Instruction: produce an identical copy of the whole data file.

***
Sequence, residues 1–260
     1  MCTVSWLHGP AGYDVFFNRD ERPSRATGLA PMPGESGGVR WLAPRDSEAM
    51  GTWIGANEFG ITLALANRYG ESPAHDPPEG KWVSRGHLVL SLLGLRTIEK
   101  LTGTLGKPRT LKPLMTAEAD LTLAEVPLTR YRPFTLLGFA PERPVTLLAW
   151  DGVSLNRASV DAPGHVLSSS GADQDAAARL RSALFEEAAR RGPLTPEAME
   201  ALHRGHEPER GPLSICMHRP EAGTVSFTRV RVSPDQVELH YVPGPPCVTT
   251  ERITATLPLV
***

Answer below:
Sequence, residues 1–260
     1  MCTVSWLHGP AGYDVFFNRD ERPSRATGLA PMPGESGGVR WLAPRDSEAM
    51  GTWIGANEFG ITLALANRYG ESPAHDPPEG KWVSRGHLVL SLLGLRTIEK
   101  LTGTLGKPRT LKPLMTAEAD LTLAEVPLTR YRPFTLLGFA PERPVTLLAW
   151  DGVSLNRASV DAPGHVLSSS GADQDAAARL RSALFEEAAR RGPLTPEAME
   201  ALHRGHEPER GPLSICMHRP EAGTVSFTRV RVSPDQVELH YVPGPPCVTT
   251  ERITATLPLV